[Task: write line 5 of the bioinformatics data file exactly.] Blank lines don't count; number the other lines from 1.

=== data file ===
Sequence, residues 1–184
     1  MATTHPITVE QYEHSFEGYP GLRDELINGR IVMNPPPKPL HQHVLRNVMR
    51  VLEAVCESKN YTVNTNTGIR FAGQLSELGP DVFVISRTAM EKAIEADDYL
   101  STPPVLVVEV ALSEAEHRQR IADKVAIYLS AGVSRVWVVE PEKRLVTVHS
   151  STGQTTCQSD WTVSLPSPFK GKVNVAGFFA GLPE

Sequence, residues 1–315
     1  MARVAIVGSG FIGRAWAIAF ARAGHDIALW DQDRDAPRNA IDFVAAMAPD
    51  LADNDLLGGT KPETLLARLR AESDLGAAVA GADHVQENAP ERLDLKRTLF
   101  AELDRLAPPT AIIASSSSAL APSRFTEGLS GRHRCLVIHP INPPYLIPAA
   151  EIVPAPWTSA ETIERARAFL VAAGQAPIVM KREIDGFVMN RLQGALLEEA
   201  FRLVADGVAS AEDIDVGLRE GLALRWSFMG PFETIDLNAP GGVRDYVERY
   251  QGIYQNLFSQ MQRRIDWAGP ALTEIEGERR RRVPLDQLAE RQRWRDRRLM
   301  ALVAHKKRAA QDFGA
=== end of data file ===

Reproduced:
   151  STGQTTCQSD WTVSLPSPFK GKVNVAGFFA GLPE